Another challenge for psychotherapists is learning to remain calm in the face of certain situations that occur in session. Some clients may be hostile throughout the treatment ; or that they do so through an intervention. This can be annoying or even frustrating for the therapist. It could also happen that a person has some type of disorder or pathology that we do not know how to treat, or that we are not available to work with certain types of consultants. This is valid and referral is always possible, but above all, the key lies in maintaining peace of mind during stressful moments at work.

You may be interested:  The 7 Differences Between a Phobia and Normal Fear

3. Learn from imperfection and failure

For some reason, when dealing with people’s mental suffering, psychotherapists fall into the idea that they should never make any kind of mistake. However, this thinking can be harmful to professionals. It is possible that we eventually perform an intervention at an inopportune time or in a way that was not appropriate ; Likewise, it could happen that we deviate from the most direct path to help our clients even though we have the desire to do so. Although we try to make it happen as little as possible, it is okay to make mistakes from time to time to allow ourselves to learn from new experiences. Like all people, we are doing the best we can.

4. Approach your own vulnerability

A psychotherapist is not a machine. Nor is it a tabula rasa, a blank page that is directly with the person, without thoughts or emotions. If anything, it’s more like a book: presents its own narrative, a story and a particular tone. The psychotherapist carries a personal baggage that he can hardly abandon completely before entering his workplace.

Sometimes, the clients’ stories resonate with the therapist’s own experience, due to some situation that they have experienced in the past or that is happening to them in the present. As we well know, being therapists does not exempt us from our human condition. For this reason, one of the challenges of the profession—perhaps one of the most significant—is learning to remain close to that vulnerability, to approach the intimacy of the consultants but also, inevitably, to one’s own, instead of shying away from it. she.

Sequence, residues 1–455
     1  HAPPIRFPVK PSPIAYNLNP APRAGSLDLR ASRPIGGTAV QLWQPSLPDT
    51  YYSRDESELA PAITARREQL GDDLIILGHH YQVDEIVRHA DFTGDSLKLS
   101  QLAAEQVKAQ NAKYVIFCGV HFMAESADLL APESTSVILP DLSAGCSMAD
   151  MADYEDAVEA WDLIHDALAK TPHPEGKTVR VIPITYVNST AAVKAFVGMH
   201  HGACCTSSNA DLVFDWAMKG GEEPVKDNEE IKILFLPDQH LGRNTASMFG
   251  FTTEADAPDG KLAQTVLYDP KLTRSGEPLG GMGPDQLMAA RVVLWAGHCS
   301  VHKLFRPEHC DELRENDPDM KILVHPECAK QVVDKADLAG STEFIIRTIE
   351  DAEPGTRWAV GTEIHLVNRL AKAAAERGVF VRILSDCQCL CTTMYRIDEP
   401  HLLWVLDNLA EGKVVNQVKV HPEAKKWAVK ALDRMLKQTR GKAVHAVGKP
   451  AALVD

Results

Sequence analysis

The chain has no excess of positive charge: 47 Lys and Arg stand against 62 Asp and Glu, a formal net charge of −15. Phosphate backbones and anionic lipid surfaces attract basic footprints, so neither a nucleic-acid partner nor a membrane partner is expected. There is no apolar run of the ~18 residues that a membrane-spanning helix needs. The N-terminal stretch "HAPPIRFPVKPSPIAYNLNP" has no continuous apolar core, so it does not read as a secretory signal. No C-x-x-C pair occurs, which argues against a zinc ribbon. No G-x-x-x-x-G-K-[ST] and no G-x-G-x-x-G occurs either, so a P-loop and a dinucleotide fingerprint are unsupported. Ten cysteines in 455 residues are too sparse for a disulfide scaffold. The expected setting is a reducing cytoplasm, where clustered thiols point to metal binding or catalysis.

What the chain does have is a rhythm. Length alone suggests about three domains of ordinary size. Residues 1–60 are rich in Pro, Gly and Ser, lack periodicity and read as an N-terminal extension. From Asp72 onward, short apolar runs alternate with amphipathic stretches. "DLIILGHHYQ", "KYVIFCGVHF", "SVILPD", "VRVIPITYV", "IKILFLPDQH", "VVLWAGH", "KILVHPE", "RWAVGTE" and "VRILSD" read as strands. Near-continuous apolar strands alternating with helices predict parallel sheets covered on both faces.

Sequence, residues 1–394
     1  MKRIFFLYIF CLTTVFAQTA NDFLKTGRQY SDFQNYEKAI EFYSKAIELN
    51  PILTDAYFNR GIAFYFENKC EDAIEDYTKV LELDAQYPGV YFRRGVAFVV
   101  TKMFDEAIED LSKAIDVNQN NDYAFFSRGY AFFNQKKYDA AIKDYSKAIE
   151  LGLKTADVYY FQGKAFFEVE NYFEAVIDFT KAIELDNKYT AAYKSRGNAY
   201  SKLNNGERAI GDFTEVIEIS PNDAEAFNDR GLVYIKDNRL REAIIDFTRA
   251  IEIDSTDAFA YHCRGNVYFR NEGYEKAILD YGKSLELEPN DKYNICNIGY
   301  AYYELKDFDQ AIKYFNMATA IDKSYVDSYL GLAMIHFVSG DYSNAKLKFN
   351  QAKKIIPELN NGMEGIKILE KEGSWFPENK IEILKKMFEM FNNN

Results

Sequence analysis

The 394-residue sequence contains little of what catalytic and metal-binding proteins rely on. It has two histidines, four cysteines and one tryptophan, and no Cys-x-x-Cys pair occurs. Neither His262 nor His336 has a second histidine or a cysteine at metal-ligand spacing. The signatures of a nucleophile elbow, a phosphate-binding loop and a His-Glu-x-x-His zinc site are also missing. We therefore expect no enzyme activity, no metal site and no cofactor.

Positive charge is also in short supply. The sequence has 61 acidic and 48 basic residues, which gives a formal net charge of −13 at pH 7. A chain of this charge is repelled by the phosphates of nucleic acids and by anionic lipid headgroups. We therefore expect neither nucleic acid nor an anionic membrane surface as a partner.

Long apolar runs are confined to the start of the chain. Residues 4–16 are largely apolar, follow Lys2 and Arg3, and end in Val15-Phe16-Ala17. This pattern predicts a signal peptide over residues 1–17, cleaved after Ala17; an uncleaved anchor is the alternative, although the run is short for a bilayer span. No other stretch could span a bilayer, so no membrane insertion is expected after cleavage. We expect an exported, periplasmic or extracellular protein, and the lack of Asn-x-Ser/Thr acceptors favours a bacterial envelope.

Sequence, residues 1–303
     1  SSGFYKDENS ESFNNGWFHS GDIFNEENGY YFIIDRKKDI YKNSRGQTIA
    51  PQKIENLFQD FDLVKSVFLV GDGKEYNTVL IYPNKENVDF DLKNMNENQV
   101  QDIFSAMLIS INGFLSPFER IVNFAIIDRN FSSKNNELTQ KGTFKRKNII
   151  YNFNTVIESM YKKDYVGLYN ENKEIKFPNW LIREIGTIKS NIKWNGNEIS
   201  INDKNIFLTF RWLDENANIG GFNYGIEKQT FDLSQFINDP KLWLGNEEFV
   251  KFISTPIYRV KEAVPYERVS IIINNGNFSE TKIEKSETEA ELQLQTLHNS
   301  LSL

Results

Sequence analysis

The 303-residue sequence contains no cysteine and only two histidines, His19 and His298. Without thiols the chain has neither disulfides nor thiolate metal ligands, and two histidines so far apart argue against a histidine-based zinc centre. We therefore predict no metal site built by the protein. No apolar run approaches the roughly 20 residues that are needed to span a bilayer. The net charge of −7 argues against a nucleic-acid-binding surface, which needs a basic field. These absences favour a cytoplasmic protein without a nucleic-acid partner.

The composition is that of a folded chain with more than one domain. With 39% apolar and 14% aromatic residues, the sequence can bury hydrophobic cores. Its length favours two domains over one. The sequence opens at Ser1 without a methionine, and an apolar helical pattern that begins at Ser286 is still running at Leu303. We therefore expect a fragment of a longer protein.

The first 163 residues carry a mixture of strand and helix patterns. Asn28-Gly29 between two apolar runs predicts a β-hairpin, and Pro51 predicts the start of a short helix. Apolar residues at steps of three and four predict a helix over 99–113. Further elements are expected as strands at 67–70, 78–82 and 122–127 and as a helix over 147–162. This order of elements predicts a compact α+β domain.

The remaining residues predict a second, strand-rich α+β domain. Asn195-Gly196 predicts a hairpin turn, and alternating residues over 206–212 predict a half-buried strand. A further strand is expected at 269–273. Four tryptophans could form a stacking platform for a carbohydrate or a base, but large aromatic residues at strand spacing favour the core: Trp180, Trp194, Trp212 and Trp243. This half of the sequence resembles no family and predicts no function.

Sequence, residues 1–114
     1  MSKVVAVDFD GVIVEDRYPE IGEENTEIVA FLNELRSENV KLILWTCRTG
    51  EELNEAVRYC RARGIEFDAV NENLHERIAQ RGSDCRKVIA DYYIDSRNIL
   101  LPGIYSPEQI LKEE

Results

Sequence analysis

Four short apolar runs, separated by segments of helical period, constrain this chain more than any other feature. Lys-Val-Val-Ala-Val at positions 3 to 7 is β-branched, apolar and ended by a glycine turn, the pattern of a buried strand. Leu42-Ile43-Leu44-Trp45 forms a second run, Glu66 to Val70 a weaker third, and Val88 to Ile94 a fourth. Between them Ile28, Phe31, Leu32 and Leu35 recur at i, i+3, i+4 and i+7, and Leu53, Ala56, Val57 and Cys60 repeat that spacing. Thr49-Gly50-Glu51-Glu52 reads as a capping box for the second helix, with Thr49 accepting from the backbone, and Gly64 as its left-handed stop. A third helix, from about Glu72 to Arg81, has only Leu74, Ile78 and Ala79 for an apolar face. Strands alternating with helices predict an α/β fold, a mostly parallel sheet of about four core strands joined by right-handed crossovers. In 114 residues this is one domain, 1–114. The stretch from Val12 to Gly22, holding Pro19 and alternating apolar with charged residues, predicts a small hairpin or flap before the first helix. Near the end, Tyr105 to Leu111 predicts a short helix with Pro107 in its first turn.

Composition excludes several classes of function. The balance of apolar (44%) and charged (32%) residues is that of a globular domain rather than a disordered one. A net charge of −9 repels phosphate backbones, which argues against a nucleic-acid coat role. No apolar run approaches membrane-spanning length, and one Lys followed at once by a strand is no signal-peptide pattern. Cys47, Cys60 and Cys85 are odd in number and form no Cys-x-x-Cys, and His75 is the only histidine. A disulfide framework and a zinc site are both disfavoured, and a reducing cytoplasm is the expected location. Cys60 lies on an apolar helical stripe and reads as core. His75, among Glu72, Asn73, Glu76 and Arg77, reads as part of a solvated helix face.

You may be interested:  My Child Has ADHD: What Do I Do?

5. Address burnout

The burnout It is a challenge that all professionals must be attentive to, but mainly those who work in the health area or being in charge of people in situations of illness or emotional vulnerability. A therapist can go from caring for a person who has just lost a loved one to someone who is at serious risk, all separated by a gap of just ten minutes.

The professional may feel overstimulated, feel that he cannot cope with his role as responsible for guiding the therapeutic process, which may cause him to lose energy, motivation or direction; added to the problems that he can carry from his personal life. These aspects should be attended to by the professional and, if necessary, go to a psychotherapist himself. A book that brings to light the importance of going to therapy as a therapist is you should talk to someone by Lori Gottlieb, as it shows the difficulties a therapist experiences when bonding with her clients while going through her own divorce. This is recommended reading for all therapists and people interested in this topic.

Do you want to train in the theory and practice of psychotherapy?

If you are thinking about specializing in the field of psychological therapy, the Online Postgraduate in Integrative Psychotherapy from Instituto Mensalus is for you. This training program gives the possibility of learning with the help of a teaching team of very experienced psychotherapists who dedicate most of their time to caring for patients in the Mensalus facilities. In addition, upon completion you will obtain a University Degree from the Nebrija University.